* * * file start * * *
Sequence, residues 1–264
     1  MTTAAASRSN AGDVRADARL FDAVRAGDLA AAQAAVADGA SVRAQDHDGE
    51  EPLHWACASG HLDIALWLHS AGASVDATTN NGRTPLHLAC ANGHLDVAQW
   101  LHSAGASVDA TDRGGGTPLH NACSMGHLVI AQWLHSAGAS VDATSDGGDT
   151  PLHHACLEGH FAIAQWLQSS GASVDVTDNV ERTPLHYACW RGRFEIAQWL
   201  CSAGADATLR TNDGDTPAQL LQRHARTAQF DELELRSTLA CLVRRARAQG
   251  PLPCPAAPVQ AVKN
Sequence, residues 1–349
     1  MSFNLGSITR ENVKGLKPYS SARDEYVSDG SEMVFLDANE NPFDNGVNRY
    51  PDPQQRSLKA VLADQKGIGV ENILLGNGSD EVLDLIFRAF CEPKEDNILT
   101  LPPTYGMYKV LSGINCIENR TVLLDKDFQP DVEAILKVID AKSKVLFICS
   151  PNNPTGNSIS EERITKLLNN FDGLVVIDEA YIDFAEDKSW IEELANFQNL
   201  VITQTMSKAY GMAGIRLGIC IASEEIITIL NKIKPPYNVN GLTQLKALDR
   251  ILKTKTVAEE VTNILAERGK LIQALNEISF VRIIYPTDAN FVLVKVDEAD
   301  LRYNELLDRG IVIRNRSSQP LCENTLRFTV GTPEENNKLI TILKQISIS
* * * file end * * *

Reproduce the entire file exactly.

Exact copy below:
Sequence, residues 1–264
     1  MTTAAASRSN AGDVRADARL FDAVRAGDLA AAQAAVADGA SVRAQDHDGE
    51  EPLHWACASG HLDIALWLHS AGASVDATTN NGRTPLHLAC ANGHLDVAQW
   101  LHSAGASVDA TDRGGGTPLH NACSMGHLVI AQWLHSAGAS VDATSDGGDT
   151  PLHHACLEGH FAIAQWLQSS GASVDVTDNV ERTPLHYACW RGRFEIAQWL
   201  CSAGADATLR TNDGDTPAQL LQRHARTAQF DELELRSTLA CLVRRARAQG
   251  PLPCPAAPVQ AVKN
Sequence, residues 1–349
     1  MSFNLGSITR ENVKGLKPYS SARDEYVSDG SEMVFLDANE NPFDNGVNRY
    51  PDPQQRSLKA VLADQKGIGV ENILLGNGSD EVLDLIFRAF CEPKEDNILT
   101  LPPTYGMYKV LSGINCIENR TVLLDKDFQP DVEAILKVID AKSKVLFICS
   151  PNNPTGNSIS EERITKLLNN FDGLVVIDEA YIDFAEDKSW IEELANFQNL
   201  VITQTMSKAY GMAGIRLGIC IASEEIITIL NKIKPPYNVN GLTQLKALDR
   251  ILKTKTVAEE VTNILAERGK LIQALNEISF VRIIYPTDAN FVLVKVDEAD
   301  LRYNELLDRG IVIRNRSSQP LCENTLRFTV GTPEENNKLI TILKQISIS